HMS Enterprise discovers underwater 'canyon'

Image of underwater canyon captured by HMS Enterprise HMS Enterprise captured the images using an echo sounder fitted to the ship's hull

A Royal Navy survey ship has captured images of an underwater canyon in the Red Sea.

Devonport-based HMS Enterprise is on a nine-month deployment in the Middle East, updating maritime charts.

The 250m-deep (820ft) canyon was discovered after the ship left the Egyptian port of Safaga.

The 3D images were created using a multi-beam echo sounder which is fitted to Enterprise's hull for measuring the sea bed.

Cdr Derek Rae, commanding officer of HMS Enterprise, said: "These features could be the result of ancient rivers scouring through the rock strata before the Red Sea flooded millennia ago.

HMS Enterprise HMS Enterprise will return to Devonport in the summer

"Some may be far younger and still in the process of being created by underwater currents driven by the winds and tidal streams as they flow through this area of the Red Sea, carving their way through the soft sediment and being diverted by harder bed rock.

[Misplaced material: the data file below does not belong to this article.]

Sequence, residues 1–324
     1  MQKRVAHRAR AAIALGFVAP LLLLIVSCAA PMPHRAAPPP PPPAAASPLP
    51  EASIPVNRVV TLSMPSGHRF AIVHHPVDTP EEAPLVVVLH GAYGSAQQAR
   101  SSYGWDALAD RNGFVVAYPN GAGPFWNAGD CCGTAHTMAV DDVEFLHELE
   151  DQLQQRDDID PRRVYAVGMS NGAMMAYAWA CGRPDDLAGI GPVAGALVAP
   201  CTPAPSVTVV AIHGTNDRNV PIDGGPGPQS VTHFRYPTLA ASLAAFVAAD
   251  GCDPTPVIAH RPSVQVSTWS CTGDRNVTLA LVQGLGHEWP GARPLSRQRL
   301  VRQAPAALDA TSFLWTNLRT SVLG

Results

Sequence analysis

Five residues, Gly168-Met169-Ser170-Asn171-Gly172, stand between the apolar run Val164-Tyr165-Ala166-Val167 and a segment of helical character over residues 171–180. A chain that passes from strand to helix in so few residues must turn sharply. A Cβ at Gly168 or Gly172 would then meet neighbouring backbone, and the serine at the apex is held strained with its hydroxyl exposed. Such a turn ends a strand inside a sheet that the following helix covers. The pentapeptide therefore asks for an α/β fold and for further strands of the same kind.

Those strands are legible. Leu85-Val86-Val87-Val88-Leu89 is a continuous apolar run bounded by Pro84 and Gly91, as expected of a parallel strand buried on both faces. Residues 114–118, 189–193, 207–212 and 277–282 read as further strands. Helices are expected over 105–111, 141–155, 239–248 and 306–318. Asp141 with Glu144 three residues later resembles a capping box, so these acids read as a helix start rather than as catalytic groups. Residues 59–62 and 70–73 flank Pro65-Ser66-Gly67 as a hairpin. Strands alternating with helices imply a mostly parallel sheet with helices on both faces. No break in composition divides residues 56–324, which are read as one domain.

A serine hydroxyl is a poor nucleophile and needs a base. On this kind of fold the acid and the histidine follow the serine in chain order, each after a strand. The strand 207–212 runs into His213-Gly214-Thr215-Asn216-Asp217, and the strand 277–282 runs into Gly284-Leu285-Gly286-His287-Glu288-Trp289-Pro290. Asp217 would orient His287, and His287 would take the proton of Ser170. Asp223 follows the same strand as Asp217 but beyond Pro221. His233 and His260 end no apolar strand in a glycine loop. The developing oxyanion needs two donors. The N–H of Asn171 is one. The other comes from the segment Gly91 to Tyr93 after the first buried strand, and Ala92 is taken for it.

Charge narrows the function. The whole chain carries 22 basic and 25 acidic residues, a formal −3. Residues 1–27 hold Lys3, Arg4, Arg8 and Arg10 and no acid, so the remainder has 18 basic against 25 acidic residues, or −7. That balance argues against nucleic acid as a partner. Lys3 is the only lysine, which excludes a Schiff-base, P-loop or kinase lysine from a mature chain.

"Or there is always the possibility that they are a combination of the two.

"It is, however, almost certain to say that this is the closest that humans will ever get to gaze upon these impressive sights hundreds of metres beneath the surface."

HMS Enterprise left Plymouth in September and will remain in the Middle East until the summer to continue its task of updating some of the 3,300-plus Admiralty Charts which are used not only by the Royal Navy, but seafarers around the world.

More on This Story

The BBC is not responsible for the content of external Internet sites

BBC Devon



Min. Night 8 °C

Features & Analysis

Elsewhere on the BBC

  • Audi R8Best in show

    BBC Autos takes a look at 10 of the most eye-catching new cars at the 2015 Geneva motor show


  • A robotClick Watch

    The latest in robotics including software that can design electronics to solve problems

Try our new site and tell us what you think. Learn more
Take me there

Copyright © 2015 BBC. The BBC is not responsible for the content of external sites. Read more.

This page is best viewed in an up-to-date web browser with style sheets (CSS) enabled. While you will be able to view the content of this page in your current browser, you will not be able to get the full visual experience. Please consider upgrading your browser software or enabling style sheets (CSS) if you are able to do so.